Regardless of who we are and what our place is in the human context, we all must account ongoingly for the type of person presented, the nature of our communication and the level of involvement engaged in our relationships. These are unavoidable issues that interact with the three inescapable issues, which together influence and shape our lives and need accountability even in the commonest expressions along the full width of the spectrum locating anything less and any substitutes of the whole.
The qualitative and relational aspects in human life necessary for whole ontology and function are neither sufficiently addressed nor deeply accounted for in theological anthropology discourse—including with the prominence of dualism, the emergence of supervenience and the focus on relationality. In spite of recent focus on the latter, there appears to be a status quo in theology and function above which we rarely rise—perhaps evident of a lack of qualitative sensitivity and relational awareness—and from which likely indicates our need for a critical and pivotal shift from reductionism back to the whole. This prompts a related question for theological anthropology: On what basis is the human condition defined and its resolution determined? The answer is either good news in relational terms or so-so news in referential terms, or perhaps disappointing news because it lacks qualitative and relational significance.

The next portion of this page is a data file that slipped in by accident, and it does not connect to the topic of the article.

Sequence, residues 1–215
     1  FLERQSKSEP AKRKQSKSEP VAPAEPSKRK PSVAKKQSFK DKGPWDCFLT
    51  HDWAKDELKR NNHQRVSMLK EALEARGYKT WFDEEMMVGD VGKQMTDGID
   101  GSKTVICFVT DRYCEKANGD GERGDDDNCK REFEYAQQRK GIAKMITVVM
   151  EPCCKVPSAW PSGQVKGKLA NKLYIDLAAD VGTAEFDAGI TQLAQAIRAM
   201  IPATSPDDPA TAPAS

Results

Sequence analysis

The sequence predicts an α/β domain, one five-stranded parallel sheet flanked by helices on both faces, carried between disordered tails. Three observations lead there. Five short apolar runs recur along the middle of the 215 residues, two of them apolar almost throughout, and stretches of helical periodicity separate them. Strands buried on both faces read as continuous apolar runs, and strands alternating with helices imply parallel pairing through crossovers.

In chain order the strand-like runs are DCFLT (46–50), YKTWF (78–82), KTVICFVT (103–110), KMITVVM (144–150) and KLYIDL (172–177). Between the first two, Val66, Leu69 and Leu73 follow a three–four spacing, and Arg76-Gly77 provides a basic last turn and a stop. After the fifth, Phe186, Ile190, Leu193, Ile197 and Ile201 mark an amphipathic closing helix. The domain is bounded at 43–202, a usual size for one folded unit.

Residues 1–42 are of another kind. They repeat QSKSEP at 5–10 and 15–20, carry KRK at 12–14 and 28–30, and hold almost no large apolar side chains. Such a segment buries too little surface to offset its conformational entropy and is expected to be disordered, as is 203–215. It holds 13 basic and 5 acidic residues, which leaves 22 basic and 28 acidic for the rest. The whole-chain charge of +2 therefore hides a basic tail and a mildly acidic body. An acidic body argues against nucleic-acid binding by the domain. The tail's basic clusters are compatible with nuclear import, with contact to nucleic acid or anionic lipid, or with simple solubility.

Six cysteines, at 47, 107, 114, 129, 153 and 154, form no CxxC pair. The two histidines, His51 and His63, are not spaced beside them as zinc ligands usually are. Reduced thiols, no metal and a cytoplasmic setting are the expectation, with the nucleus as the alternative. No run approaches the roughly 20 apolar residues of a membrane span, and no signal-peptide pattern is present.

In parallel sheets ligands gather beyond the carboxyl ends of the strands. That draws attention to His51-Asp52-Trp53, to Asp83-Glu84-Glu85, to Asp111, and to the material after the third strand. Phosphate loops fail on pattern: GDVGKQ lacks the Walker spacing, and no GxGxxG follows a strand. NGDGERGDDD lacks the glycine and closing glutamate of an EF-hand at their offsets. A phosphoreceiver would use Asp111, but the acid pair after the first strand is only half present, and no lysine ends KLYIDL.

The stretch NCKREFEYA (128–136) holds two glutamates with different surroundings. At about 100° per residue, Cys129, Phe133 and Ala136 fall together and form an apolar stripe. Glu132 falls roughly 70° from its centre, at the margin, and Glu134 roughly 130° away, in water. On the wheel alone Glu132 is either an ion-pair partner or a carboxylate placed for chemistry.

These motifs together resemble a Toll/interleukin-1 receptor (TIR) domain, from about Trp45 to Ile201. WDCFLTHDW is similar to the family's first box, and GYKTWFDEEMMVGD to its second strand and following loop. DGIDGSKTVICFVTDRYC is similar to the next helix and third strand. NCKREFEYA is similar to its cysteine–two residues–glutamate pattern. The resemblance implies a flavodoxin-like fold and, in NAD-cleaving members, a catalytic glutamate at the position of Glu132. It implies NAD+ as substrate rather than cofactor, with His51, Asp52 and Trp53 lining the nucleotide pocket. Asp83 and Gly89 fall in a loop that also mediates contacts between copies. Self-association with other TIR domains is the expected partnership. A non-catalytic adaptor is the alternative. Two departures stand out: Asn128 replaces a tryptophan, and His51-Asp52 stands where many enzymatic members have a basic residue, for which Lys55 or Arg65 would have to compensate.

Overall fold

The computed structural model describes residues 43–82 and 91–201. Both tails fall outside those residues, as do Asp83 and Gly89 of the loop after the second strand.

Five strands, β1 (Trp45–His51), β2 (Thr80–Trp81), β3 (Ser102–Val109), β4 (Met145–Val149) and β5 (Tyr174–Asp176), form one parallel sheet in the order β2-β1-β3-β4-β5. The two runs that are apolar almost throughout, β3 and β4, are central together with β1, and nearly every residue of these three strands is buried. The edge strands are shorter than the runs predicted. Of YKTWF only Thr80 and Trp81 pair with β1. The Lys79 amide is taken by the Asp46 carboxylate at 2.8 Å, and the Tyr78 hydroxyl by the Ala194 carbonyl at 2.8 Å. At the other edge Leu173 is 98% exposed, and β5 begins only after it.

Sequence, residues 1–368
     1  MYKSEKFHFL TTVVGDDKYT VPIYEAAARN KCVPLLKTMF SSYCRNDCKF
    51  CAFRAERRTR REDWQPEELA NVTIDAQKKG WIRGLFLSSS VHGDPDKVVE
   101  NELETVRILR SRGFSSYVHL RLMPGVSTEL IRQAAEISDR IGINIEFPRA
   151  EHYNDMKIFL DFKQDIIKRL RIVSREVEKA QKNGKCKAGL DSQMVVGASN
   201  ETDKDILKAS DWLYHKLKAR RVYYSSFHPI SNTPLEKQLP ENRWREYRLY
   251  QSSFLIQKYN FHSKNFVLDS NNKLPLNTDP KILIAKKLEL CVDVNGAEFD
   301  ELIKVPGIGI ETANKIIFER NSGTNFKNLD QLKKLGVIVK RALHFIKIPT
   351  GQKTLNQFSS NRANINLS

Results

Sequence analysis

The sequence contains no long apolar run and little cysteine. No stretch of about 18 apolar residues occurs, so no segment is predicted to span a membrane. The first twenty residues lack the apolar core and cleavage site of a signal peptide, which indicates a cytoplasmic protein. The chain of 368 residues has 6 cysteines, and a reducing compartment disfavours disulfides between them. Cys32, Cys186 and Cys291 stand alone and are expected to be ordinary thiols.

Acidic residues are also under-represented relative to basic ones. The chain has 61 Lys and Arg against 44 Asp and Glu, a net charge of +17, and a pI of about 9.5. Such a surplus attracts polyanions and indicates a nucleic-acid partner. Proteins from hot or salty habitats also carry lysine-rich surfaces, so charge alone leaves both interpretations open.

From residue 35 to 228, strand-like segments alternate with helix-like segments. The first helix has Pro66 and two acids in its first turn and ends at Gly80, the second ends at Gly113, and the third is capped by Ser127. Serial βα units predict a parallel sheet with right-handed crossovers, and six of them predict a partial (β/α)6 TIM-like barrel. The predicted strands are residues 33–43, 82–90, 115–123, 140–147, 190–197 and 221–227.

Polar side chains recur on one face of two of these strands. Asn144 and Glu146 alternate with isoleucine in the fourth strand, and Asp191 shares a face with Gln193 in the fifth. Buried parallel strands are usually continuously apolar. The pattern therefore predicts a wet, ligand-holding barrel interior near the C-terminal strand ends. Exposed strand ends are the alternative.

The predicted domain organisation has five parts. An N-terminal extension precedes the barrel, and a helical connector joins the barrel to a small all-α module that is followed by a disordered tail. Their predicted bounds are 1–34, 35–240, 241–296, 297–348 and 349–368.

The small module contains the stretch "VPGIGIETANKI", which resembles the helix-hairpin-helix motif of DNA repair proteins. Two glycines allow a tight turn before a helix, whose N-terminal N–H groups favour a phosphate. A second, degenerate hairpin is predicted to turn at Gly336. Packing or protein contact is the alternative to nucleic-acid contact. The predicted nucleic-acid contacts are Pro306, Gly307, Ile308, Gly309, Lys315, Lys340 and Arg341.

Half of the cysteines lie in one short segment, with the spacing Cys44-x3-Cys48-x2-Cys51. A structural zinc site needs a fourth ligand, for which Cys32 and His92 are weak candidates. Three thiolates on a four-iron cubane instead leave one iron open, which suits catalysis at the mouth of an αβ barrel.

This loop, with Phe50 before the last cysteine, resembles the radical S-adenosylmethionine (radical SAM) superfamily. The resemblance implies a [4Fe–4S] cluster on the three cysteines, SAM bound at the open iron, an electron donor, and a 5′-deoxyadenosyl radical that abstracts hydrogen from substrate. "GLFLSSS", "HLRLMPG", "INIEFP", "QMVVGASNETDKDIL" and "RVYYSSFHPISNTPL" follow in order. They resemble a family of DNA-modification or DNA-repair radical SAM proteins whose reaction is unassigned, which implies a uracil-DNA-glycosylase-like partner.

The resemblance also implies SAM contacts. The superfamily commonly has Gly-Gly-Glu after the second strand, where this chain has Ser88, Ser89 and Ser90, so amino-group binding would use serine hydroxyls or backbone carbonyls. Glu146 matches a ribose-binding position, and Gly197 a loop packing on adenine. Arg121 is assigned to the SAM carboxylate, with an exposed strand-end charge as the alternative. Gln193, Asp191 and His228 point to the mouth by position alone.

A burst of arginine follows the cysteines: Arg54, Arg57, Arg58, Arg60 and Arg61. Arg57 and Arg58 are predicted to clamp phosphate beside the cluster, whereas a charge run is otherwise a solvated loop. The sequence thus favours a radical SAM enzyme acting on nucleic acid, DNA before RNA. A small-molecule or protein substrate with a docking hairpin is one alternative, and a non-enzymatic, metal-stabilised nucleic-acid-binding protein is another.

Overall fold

The surrounding human context (namely culture) commonly establishes the priorities of importance for life and practice. In the current global context, this larger context is having a further effect in reducing the priorities of local contexts by increasingly shifting, embedding and enslaving persons in secondary priorities and away from the primary qualitative and relational priorities. And, as neuroscience would confirm, this development is taking its toll on the minds and bodies of those affected.
The shift to the primacy of the secondary must further be understood in the underlying quest for certainty and/or the search for identity. This process engages a narrowing of the epistemic field to better grasp, explain and have certainty, for example, about what holds the person and world together in their innermost. Functionally, the process also necessitates reducing the qualitative-relational field of expectations from inner out (too demanding, vulnerable with uncertain results) to outer in for quantitative- referential terms that are easier to measure, perform and quantify the results of, for example, in the search for identity and finding one’s place in human contexts (including church and academy). In other words, the shift to the primacy of the secondary and its preoccupation are not without specific purpose that motivates persons even in the theological task and the practice of faith. Yet whatever certainty and identity result in secondary terms can only be incomplete, ambiguous or shallow.